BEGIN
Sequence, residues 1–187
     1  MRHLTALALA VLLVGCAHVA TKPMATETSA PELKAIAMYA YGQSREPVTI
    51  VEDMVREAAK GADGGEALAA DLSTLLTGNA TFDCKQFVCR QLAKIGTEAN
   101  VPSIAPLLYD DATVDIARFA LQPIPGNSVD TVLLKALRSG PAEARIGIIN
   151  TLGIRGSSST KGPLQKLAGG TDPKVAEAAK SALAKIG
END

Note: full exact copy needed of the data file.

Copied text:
Sequence, residues 1–187
     1  MRHLTALALA VLLVGCAHVA TKPMATETSA PELKAIAMYA YGQSREPVTI
    51  VEDMVREAAK GADGGEALAA DLSTLLTGNA TFDCKQFVCR QLAKIGTEAN
   101  VPSIAPLLYD DATVDIARFA LQPIPGNSVD TVLLKALRSG PAEARIGIIN
   151  TLGIRGSSST KGPLQKLAGG TDPKVAEAAK SALAKIG